When the outrages of the past five years are calculated by historians, it will be difficult to establish a hierarchy of malice. The rising tide of hate – and, make no mistake, it is still rising, although temporarily stemmed – has washed over so many vulnerable lives and lain so much wreckage on the shores of our social contract that an accurate appraisal of the damage is going to take decades. Even so, among the many atrocities perpetuated by the failed fascist still (for a little while, at least) at the helm of the United States’ executive branch, the special sadistic attention paid to refugees and asylum seekers has been the worst cruelty of them all.
Full disclosure: almost a decade ago, I worked for a year with refugees in my city as a volunteer with Americorps VISTA. Our clients came from many places: Myanmar, Iraq, and, as it happens, South Sudan. I met and befriended people from backgrounds as different from mine as one could possibly imagine, and heard stories of unimaginable horror and incredible courage. They were the kind of stories that render shameful the hate-filled, bigoted disinclination of a certain segment of Americans when it comes to welcoming newcomers into our midst. Nor is America alone in reacting to refugees with nationalistic fervor: in France, in Greece, in Germany, in Britain, and elsewhere in Europe, there are many people who welcome those in need of a new nation to call their home, but there are also many who do not.
Two films currently on Netflix – Cuties and His House – tackle the thorny issues of migration and integration in two very different ways. Cuties is a discussion for another day (although I will go so far as to say that, having watched it, I think much of the hysteria surrounding it is based on a deliberate – and quite political – misunderstanding of the film, and I also think it was a well-crafted and disturbing look at the tensions between tradition, capitalism, and the sexualization of young girls in Western cultures). His House deals with a different set of issues, and uses a framework as old as human legends to tell a story as current as it is tragic.
Horror is a type of storytelling that lends itself particularly well to exploring the darker aspects of the human experience – which makes it the perfect device for telling the stories of loss and trauma that follow refugees like hungry ghosts. His House depicts the journey of a couple from South Sudan who have made the perilous journey from their conflict-riven former home to their new one in London. The pair is pursued and haunted by grief, trauma, and the presence of a supernatural evil that acts as a manifestation of the darkest events and most potent losses in their shared history.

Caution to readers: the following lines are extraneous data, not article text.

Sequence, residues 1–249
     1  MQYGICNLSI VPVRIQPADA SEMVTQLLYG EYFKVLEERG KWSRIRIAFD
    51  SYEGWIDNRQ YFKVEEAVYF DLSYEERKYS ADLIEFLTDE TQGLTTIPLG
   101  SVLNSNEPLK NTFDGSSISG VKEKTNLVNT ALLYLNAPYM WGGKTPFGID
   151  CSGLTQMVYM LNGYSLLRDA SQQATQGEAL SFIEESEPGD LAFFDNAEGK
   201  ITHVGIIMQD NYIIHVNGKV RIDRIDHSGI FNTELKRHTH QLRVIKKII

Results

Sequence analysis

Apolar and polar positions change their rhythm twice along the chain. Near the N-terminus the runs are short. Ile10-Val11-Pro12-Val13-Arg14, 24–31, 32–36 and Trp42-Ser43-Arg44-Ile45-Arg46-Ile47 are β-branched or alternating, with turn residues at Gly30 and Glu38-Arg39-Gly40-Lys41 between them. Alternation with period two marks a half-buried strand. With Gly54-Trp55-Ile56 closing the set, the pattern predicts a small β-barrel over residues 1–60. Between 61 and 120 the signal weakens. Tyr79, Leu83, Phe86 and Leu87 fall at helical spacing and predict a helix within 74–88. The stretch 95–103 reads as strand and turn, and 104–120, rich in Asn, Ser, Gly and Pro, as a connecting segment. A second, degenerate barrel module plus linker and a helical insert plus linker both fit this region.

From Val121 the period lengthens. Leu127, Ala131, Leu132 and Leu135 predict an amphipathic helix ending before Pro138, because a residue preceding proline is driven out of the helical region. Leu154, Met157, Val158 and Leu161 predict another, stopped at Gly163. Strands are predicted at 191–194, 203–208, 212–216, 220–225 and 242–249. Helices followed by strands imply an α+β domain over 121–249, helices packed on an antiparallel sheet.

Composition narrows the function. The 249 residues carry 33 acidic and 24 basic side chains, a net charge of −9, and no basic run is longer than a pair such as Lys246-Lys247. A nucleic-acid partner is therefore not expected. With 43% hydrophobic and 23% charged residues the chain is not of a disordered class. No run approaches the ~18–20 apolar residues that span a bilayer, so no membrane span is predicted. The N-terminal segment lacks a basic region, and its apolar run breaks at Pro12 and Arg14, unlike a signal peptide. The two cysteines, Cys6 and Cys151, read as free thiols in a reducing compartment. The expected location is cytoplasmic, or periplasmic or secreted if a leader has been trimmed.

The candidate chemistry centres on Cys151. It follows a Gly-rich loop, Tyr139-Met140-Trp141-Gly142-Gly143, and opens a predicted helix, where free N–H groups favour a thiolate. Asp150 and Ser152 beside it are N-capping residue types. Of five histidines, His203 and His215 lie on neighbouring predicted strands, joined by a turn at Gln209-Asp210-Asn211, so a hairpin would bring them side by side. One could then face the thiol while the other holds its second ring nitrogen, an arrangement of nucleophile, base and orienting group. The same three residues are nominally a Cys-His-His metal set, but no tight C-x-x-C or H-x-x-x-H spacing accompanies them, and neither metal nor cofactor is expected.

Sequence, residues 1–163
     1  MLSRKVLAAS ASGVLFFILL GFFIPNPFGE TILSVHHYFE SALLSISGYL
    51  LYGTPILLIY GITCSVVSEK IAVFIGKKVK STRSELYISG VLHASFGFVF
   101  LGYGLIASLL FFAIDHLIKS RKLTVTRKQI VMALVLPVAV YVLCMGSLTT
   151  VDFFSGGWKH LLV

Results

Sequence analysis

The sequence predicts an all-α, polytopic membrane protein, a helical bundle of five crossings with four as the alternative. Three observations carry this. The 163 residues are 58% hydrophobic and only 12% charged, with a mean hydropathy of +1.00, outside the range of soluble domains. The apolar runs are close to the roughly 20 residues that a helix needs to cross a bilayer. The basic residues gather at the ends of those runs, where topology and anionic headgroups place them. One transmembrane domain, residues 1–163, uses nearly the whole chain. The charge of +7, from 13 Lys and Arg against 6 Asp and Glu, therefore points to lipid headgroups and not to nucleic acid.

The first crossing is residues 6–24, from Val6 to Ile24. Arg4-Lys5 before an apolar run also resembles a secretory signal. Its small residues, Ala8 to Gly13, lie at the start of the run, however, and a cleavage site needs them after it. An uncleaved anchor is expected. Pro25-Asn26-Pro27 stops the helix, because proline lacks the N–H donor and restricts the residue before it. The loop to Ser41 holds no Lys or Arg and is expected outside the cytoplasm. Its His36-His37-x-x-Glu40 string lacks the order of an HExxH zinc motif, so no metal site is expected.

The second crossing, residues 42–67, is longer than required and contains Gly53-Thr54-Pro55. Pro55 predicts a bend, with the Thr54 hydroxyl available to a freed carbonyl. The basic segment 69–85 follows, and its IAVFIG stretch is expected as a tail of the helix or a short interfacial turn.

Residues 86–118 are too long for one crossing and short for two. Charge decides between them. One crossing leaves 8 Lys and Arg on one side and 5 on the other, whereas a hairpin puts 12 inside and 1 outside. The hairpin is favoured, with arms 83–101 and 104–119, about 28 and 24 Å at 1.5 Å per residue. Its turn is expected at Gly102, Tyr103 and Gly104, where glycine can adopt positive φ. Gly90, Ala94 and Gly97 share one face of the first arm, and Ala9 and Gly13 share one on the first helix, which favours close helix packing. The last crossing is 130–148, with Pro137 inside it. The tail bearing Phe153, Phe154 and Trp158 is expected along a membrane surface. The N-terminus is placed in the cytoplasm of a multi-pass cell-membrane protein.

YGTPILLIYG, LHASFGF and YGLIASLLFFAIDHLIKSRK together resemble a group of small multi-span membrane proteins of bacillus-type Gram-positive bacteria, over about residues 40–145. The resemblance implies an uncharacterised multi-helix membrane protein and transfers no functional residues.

Our Sudanese protagonists’ private struggles are set against a backdrop that is rendered with blistering, wince-inducing accuracy. The shoddy public housing, the bad neighborhood replete with its share of poverty-stricken young malefactors, the bored indifference of bureaucrats in whose doughy hands hangs one’s fate – all of these were familiar to me from my time working with the refugee community in my city. Likewise, the efforts of Bol and Rial to make the best of it, to adapt to what are – to them – foreign customs and ways of thinking; these were also familiar. Woven into this complex interplay is a horror story that is both compelling and deeply frightening, a tale that offers an unsettling perspective on the nature of what makes a home – and what haunts one.
His House was written and directed by Remi Weekes, a hitherto-obscure writer and director of short films who knocked this one out of the park. Special praise is also due here to the film’s secret weapon: Frank Kruse, a German sound designer and editor whose previous credits include Netflix’s opulent Babylon Berlin and the hypnotic 2018 remake of Suspiria. The attention to sonic detail in His House is extraordinary. From the texture of drunken arguments heard through thin walls to the menacing jeers that echo in a mazelike slum to the chilling patter of phantom footsteps – it’s some of the best sound design I’ve ever heard, and my hat is off to Herr Kruse.
2020 marks – I hope – the beginning of a reexamination in the United States and elsewhere in the West of how we understand and show compassion to refugees. When you strip away the phantoms from His House, Bol and Rial’s story could be that of any of the countless people displaced by ethnic, political, or religious conflict. It’s an intensely human story – and one that it’s within our power to grant a happy ending.
UPDATE: Less than a day after I wrote the above review, there was good news on this front. I hope that’s an indication of further steps to come.